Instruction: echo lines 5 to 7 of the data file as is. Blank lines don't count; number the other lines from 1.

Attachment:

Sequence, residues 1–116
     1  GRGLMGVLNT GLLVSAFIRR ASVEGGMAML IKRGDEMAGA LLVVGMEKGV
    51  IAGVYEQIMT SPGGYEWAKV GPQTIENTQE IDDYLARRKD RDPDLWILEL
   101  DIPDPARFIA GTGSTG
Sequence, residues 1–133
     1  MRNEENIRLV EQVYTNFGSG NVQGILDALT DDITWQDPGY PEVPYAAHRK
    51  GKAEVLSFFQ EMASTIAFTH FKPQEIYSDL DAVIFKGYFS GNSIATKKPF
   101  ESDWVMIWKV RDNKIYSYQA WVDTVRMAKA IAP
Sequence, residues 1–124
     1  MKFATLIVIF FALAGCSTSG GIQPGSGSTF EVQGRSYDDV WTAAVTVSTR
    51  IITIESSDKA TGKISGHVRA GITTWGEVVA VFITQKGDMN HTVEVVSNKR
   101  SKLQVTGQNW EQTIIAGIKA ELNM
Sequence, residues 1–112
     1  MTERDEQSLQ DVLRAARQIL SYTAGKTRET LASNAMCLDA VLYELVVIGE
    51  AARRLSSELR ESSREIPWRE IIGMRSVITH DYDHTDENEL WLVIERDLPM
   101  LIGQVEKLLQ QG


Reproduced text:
Sequence, residues 1–133
     1  MRNEENIRLV EQVYTNFGSG NVQGILDALT DDITWQDPGY PEVPYAAHRK
    51  GKAEVLSFFQ EMASTIAFTH FKPQEIYSDL DAVIFKGYFS GNSIATKKPF